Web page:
Re: DEP-5: Clarifying copyright/license requirements (was: Clarifying the mandatory contents of the Debian copyright file.)
Le Wed, Jan 18, 2012 at 09:04:11AM -0800, Russ Allbery a écrit :
> Peter Miller <firstname.lastname@example.org> writes:
> > http://dep.debian.net/deps/dep5/
> > "Files paragraph (Repeatable)
> > "The declaration of copyright and license for files is done in
> > one or more paragraphs. In the simplest case, a single paragraph
> > can be used which applies to all files and lists all applicable
> > copyrights and licenses."
> > It says "all applicable copyrights and licenses". Note the "and". To
> > me, in a standards context, this means conjunction (logical and) not
> > disjunction (logical or).
> So it sounds like we need to explicitly say that if there are files
> Copyright 2010 and others Copyright 2009, you just write:
> Copyright: 2009, 2010 whoever
Dear Russ and Peter,
The text quoted by Peter introduces the purpose of Files paragraph, but just
means that in the simplest case, one paragraph is enough. In my impression,
the wording used (‘In the simplest case, …’) suggests well that the sentence is
not normative, but just descriptive.
The current draft of the DEP contains the following, which I think explains
well how to write Copyright fields.
The Copyright field collects all relevant copyright notices for the files of
this paragraph. Not all copyright notices may apply to every individual file,
and years of publication for one copyright holder may be gathered together. For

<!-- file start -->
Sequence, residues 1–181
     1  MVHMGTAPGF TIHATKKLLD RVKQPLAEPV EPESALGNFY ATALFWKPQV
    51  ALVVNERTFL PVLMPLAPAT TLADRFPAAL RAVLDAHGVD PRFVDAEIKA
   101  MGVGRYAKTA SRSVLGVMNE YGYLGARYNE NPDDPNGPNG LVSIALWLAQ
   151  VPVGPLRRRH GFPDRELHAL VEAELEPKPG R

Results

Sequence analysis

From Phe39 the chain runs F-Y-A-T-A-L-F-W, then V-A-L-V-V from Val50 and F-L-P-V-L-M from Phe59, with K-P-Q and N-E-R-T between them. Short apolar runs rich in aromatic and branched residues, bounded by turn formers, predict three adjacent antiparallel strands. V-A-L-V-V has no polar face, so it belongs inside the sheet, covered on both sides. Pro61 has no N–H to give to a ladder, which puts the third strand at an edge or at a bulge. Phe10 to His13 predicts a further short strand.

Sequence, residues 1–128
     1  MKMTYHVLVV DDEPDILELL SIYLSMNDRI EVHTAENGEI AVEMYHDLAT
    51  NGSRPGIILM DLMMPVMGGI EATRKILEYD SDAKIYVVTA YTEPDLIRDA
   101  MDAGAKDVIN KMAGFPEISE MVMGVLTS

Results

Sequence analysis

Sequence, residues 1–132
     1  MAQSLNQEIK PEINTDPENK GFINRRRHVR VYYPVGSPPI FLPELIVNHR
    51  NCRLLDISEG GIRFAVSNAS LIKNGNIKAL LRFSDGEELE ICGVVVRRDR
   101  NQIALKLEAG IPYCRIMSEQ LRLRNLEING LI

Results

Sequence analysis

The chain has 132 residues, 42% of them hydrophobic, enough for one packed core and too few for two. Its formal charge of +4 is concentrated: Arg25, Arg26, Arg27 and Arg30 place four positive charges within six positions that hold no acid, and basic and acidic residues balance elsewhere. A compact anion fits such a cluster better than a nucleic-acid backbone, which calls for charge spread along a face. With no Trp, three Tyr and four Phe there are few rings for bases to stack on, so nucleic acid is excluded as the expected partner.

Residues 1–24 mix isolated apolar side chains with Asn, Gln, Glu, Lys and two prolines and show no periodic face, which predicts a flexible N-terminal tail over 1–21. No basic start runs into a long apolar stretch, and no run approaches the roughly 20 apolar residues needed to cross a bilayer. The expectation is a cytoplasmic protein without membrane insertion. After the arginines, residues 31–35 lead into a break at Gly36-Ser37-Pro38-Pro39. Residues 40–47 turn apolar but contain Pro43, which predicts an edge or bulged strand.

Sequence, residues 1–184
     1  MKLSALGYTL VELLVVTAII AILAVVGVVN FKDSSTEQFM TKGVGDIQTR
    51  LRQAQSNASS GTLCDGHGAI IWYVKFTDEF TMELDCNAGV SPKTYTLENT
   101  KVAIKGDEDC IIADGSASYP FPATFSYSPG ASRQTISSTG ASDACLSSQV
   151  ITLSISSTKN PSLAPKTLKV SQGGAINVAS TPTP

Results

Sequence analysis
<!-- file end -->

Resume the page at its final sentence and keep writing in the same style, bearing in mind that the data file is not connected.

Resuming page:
example, if file A has:
Copyright 2008 John Smith
Copyright 2009 Angela Watts
and file B has:
Copyright 2010 Angela Watts
the Copyright field for a stanza covering both file A and file B need contain only:
Copyright 2008 John Smith
Copyright 2009, 2010 Angela Watts
The Copyright field may contain the original copyright statement copied exactly
(including the word "Copyright"), or it can shorten the text, as long as it
does not sacrifice information. Examples in this specification use both forms.
> Furthermore, we should probably also say that if upstream has a general
> copyright notice, it's not required to sort through every file and find
> every other mention of a copyright holder (but we should be sure that
> ftpmaster is okay with that, since on that front I've heard conflicting
The latest written document on the subject states:
In many packages there is more than one author, more than one
copyright-holder and more than one license. Do not miss to list them all, even
if that other license is just for one file. Yes, any single file is important.
I think that we need a clarification from the FTP Masters, whether ‘Do not miss
to list them all’ applies to the copyright notices or not. Before that, I do
not think we can give precise instructions in the DEP. The DEP syntax allows
to write a Debian copyright file that complies with either interpretation of
the FTP Masters's recommendations.
> Similarly, if the licenses used by upstream on the files allow releasing
> under some other license that's covering the work as a whole, we should
> probably say that it's okay to just list the license under which
> everything is being distributed (although it's probably ideal to document
> the separate licenses).
I understand well the need of this for very large packages, but in my
experience, other packages list the licenses exhaustively. I think that
instructions explaining in which condition it is acceptable to not document a
license would introduce a lot of confusion, not to mention that this would open
the very question of what we are required to document by law, and what we are
required to document by Policy, which is not written. (I remind that to
satisfy the GPL, the source and binary packages are considered as a single
entity, so in theory we could skip documenting a lot of things…).
Have a nice day,
Tsurumi, Kanagawa, Japan